MIES VAN DER ROHE
MIES VAN DER ROHE

Van der Rohe was na Architect born in Aachen, Germany. As an architect and designer in Berlin, influenced modern architecture. With innovative designs for tubular steel furniture, such as the Barcelona Chair (1929) and steel and glass skyscrapers. He directed the Bauhaus in Dessau (1930-33), which closed after Nazi threats. Even though he had built only nineteen buildings so far, he was already internationally recognized when he moved out to the US in 1937. In America, he founded and directed the Department of Architecture of the Armour Institute, Chicago (later Illinois Institute of Technology) (1938-58) and he designed the master plan of the Institute and some buildings on the campus.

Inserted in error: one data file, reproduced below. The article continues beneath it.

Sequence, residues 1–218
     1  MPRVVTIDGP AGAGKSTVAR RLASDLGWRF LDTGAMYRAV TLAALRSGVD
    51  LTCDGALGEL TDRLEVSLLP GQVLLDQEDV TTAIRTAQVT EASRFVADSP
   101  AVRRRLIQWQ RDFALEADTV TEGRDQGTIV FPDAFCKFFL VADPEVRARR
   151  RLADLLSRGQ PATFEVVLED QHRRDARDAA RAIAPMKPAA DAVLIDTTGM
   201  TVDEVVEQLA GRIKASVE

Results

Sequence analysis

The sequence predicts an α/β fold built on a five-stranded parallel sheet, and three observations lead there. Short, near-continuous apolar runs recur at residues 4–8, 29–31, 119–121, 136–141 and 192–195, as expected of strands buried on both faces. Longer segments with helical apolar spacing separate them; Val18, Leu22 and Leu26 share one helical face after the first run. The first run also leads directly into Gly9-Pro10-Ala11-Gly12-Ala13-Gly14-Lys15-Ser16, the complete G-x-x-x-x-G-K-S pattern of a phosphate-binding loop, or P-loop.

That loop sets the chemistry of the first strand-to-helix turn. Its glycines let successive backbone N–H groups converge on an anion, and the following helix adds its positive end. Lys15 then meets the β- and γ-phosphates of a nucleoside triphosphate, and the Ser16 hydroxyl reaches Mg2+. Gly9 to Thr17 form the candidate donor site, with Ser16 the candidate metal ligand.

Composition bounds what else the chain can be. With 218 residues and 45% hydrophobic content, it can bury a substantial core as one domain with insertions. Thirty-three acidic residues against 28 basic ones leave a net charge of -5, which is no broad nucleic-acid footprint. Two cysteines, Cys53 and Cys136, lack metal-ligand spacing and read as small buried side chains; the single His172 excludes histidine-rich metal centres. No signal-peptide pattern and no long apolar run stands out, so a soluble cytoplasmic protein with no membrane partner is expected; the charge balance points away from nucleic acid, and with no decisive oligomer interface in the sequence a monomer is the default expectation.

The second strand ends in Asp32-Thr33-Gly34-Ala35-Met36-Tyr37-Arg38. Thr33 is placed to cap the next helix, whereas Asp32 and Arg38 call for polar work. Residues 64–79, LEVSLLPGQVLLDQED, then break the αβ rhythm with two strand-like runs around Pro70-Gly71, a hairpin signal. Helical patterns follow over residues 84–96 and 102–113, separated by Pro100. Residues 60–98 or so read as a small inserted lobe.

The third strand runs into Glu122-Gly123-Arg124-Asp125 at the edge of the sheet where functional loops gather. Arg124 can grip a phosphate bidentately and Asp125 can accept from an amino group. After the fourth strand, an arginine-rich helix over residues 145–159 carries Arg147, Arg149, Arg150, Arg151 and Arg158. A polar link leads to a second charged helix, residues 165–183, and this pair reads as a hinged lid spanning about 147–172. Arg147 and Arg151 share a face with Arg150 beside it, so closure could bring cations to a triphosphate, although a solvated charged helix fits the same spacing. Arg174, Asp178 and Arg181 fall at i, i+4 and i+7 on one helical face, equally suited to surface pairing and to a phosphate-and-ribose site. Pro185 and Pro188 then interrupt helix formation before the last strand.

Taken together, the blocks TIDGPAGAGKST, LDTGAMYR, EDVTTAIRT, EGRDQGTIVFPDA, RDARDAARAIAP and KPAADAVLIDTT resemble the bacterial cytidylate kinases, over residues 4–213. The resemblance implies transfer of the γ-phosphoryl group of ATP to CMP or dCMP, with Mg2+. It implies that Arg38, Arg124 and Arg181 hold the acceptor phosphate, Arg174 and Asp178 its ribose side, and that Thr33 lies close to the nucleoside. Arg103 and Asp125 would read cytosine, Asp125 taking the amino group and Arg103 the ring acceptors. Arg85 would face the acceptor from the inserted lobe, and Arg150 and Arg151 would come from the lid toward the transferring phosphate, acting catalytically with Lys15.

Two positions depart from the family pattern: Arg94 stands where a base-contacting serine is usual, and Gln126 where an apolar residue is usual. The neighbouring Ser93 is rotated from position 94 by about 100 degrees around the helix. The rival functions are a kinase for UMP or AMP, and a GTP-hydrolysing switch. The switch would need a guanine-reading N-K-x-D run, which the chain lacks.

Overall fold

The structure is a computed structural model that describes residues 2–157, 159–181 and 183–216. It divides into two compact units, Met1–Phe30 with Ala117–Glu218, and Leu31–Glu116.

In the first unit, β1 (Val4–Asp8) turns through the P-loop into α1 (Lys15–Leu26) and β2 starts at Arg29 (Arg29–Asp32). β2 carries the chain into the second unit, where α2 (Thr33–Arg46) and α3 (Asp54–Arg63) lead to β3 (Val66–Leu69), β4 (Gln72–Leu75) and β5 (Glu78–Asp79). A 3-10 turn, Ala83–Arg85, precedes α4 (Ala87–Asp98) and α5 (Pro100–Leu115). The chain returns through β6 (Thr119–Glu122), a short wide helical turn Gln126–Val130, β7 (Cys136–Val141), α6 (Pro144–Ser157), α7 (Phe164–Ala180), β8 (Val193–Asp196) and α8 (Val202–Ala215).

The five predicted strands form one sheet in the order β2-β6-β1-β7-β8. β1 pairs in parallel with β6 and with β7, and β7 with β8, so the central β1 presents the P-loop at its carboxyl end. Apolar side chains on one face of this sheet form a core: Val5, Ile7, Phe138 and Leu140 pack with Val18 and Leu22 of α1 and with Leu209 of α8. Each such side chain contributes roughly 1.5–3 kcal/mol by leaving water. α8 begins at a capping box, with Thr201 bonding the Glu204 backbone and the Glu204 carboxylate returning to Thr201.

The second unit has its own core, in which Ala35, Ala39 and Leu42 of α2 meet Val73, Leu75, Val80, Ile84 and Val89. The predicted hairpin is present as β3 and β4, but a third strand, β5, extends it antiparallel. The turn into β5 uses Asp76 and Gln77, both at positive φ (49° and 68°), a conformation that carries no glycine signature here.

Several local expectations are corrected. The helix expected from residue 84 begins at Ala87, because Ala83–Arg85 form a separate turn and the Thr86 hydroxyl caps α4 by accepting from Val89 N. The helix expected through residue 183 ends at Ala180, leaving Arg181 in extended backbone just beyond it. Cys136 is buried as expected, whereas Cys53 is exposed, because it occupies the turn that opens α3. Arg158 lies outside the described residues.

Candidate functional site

He celebrated contemporary technology and different materials.  Under his influence, there was a paradigmatic change in the construction of skyscrapers, moving away from masonry to the metal and glass. According to his credo that “less is more”, his buildings were characterized by the affordable, simple designs, devoid of ornaments and for the presence of more open spaces compounds rather than buildings.

As one of the founders international style, his influence on the architecture of the twentieth century cannot be overlooked. His striking and simple German Pavilion at the Barcelona International Exhibition (1929) crystallized public acceptance for modern architecture. His buildings include the glass flats of Lake Shore Drive in Chicago (1948-51), the Seagran Building in New York (1956-58, together with Philip Johnson), and the Museum of Fine Arts in Houston (1958-73).


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